Raúl Anguiano was born in Guadalajara, Mexico in 1915 during the height of the Mexican Revolution. Indeed, his life and artwork would be dramatically influenced by the revolution’s spirit. Anguiano’s interest in the arts first manifested when, at the age of five, he began drawing images of famous figures such as Mary Pickford, Pola Negro, Charlie Chaplin, Álvaro Obregón, Venustiano Carranza, and Rodolfo Gaona. By age twelve, Anguiano began formal training at Guadalajara’s Free School of Painting, and from 1928-1933 Anguiano and a group of peers organized the Young Painters of Jalisco.
Anguiano received his first commission in 1932, a mural entitled Socialist Education, which took the form of a 70-meter fresco located at A. Carillo School in Mexico City. Anguiano’s murals were predominantly inspired by the Mexican Revolution and the efforts of Álvaro Obregón. His oils and other works carry themes from pre-Hispanic ruins, landscapes, and the life and customs of the Lacandon Jungle. Anguiano’s work criticized environmental destruction, and he has been credited with educating the public about rural life in Mexico and drawing awareness to the issue of discrimination against indigenous peoples. His painting “La Espina,” which depicts a Lacandon Maya woman digging a thorn from her foot with a knife, is considered to be his greatest masterpiece, and was used to illustrate public school text books in Mexico for many years.
In 1934, Anguiano moved to Mexico City to begin a career as a primary school teacher of drawing and painting at the Mexico School of Art. At this institution, he met the leaders of the Mexican Renaissance movement, Ignacio Asúnsolo and Jose Clemente Orozco. Anguino impressed these artists, and was quickly admitted into their movement. The muralists of the Mexican Renaissance movement were tired of the traditional painting techniques and methods of academia, and aspired to bring to light the social issues facing Mexico rather than mimic old European motifs. Thus, they began painting in a new style of realism that included a critical, authentic Mexican voice.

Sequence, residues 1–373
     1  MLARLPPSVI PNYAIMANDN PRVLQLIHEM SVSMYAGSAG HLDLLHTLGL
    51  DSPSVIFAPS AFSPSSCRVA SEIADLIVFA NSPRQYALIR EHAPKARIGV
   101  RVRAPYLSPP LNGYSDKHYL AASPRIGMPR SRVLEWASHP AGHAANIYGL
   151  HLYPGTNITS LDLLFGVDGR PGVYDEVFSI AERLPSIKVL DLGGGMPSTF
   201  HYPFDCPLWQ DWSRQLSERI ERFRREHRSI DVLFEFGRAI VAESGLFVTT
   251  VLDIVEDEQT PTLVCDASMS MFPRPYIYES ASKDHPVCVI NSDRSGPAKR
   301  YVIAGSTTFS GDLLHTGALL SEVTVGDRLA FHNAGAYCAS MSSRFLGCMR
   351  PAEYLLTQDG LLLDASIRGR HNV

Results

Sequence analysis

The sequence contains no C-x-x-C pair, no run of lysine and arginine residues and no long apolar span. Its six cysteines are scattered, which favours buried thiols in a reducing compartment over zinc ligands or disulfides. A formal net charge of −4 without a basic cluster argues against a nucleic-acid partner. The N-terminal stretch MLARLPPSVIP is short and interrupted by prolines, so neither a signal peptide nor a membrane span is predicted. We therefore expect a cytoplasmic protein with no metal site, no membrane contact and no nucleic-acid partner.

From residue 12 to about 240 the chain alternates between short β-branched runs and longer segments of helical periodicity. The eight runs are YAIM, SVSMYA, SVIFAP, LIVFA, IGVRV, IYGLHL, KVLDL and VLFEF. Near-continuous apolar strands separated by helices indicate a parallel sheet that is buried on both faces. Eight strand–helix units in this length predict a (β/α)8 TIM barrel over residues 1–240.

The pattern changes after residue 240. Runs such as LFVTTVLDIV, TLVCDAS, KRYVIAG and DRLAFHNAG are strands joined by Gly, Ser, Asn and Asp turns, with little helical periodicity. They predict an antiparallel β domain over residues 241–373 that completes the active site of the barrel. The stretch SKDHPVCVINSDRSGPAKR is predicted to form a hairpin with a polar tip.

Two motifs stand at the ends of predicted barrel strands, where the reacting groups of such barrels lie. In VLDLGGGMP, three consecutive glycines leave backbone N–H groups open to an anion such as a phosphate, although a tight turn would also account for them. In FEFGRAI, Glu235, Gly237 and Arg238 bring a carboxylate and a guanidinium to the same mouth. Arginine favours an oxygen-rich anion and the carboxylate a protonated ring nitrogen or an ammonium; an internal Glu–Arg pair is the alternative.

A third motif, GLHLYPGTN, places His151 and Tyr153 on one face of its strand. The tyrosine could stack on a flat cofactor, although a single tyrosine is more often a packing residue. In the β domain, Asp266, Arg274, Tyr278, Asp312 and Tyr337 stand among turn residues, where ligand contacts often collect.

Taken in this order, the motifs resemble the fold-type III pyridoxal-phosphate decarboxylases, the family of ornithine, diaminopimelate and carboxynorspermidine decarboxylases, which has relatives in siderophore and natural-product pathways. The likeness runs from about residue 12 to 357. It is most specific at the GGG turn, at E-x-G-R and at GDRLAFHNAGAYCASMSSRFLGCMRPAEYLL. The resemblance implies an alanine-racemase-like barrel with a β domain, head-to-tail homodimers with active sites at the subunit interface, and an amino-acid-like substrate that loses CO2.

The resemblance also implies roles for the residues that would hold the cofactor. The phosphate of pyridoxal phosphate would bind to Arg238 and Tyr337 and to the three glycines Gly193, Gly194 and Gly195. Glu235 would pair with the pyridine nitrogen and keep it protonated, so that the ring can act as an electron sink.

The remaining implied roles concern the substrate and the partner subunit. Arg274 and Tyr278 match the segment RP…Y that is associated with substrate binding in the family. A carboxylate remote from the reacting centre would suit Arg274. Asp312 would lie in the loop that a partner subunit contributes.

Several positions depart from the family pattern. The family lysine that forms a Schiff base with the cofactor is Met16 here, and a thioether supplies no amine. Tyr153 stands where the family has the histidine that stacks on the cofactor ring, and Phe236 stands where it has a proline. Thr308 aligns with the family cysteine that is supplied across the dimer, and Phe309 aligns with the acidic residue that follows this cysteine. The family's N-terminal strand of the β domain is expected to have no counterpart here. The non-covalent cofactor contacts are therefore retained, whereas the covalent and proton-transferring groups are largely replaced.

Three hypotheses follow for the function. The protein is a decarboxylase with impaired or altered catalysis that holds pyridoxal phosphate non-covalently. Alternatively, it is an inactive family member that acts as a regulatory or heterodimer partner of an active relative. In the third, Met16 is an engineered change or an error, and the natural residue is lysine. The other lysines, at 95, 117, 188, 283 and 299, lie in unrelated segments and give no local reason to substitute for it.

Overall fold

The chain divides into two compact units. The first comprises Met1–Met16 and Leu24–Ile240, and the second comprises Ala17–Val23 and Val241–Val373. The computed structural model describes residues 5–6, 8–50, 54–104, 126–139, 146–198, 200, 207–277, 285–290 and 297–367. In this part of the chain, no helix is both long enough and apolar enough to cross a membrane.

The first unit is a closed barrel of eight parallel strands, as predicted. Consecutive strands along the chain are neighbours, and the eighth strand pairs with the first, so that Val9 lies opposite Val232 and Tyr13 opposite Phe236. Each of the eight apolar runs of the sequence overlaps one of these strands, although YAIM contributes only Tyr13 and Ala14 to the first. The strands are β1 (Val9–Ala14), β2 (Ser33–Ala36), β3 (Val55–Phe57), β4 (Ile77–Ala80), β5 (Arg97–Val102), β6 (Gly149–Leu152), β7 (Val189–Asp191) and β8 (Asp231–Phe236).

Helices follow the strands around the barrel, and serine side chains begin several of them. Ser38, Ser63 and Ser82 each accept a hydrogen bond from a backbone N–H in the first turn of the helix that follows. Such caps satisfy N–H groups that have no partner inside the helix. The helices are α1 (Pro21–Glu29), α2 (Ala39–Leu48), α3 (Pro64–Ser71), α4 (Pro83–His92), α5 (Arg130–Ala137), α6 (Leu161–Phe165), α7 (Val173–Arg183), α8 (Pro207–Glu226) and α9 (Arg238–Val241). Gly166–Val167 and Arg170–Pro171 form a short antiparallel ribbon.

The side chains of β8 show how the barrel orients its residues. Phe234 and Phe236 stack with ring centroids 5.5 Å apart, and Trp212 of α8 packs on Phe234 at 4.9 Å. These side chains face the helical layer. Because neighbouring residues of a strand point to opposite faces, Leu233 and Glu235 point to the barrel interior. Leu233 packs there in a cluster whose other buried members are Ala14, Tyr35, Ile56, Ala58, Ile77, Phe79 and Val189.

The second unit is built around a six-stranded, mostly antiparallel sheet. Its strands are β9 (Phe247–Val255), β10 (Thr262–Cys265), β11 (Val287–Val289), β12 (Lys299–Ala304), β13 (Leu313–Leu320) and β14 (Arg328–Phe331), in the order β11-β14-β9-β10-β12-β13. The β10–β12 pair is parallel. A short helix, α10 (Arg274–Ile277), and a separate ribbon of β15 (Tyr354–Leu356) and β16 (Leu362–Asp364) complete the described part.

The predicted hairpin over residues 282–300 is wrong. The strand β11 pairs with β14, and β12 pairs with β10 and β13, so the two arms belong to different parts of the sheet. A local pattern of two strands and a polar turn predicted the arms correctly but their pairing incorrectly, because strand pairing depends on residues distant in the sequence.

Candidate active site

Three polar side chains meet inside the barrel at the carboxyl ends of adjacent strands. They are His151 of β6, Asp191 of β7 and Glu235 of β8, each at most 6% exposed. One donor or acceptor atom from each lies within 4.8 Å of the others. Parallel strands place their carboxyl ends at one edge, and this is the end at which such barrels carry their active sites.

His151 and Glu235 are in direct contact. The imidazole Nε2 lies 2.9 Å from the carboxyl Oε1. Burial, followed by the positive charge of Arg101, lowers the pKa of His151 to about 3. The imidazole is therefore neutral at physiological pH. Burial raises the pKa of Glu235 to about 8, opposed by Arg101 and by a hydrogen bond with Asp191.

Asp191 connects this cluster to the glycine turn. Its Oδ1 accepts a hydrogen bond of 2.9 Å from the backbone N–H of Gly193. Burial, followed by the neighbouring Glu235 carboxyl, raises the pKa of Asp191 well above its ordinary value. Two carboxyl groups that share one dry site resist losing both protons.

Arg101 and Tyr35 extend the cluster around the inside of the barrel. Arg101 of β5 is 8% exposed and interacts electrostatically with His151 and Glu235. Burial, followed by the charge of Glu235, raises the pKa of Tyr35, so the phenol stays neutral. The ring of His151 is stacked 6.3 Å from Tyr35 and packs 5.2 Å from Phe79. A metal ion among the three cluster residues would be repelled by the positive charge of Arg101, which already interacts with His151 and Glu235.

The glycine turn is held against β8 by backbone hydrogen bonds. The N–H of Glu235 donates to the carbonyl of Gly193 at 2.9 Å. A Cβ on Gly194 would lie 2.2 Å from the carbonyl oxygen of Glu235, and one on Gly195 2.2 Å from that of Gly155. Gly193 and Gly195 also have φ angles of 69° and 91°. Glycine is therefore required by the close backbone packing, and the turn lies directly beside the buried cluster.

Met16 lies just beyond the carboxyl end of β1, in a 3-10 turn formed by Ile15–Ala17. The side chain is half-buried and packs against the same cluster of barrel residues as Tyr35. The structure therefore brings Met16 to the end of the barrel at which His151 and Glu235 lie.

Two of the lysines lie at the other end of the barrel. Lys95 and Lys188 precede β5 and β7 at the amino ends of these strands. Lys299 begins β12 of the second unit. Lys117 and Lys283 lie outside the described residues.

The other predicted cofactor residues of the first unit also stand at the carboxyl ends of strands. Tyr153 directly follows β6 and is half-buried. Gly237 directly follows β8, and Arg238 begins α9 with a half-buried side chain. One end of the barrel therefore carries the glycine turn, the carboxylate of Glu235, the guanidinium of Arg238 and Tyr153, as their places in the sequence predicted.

Anguiano belonged to the second generation of Mexican muralists. Like the first generation, they drew inspiration from their ethnic roots and the political climate of their country while holding to certain traditional cannons. Both generations of muralists created work that transcended artistic expression to define the issues of a generation __.
In 1936, Anguiano began his surrealist period, which lasted a decade. He dedicated much of this time to painting clowns and prostitutes, as well as producing a series of drawings based on his dreams. This period was defined by cold tones with emphasis on the use of silver and grays.
Anguiano also bolstered Mexican culture as a patron to numerous cultural organizations. In 1937, Anguiano joined the Revolutionary Writers. He was also a member of the Mexico City Academy of Arts and the Liga de Escritores y Artistas Revolucionarios, and was named Creator Emeritus of theSistema Nacional de Creadores de Arte. He helped found the Popular Graphics Workshop, La Esmeralda Academy, theInstituto Nacional de Bellas Arts a Bonampak and the Salón de la Plástica Mexicana. He also illustrated several books and catalogs and lectured throughout Mexico, the United States and Europe. During an expedition to the Bonampak archeological site, he sketched figures on the murals there, later using them to write a book about the experience called Expedicion a Bonampak (published in 1959).
Anguiano died in 2006 at the Hospital Central Militar in Mexico City after falling ill with heart problems while in Los Angeles, and was interred at the family crypt at the Panteon Jardin.
Anguiano exhibited individually and collectively over one hundred times in museums, galleries and other institutions in countries such as Cuba, Chile, Colombia, Brazil, the United States, France, Italy, Russia, Israel, Germany and Japan. Some of his exhibitions during his lifetime included a retrospective in Los Angeles for the 1984 Olympic Arts Festival, a presentation of a series of four color lithographs held at the Hall of Graphic Arts SAGA 88 from 1989 to 1990 in Paris and a retrospective look at his work in graphics (1938-1940) held at the Museo de la Estampa in Mexico City in 1990. His creations remain in permanent collections at the San Francisco Museum of Art.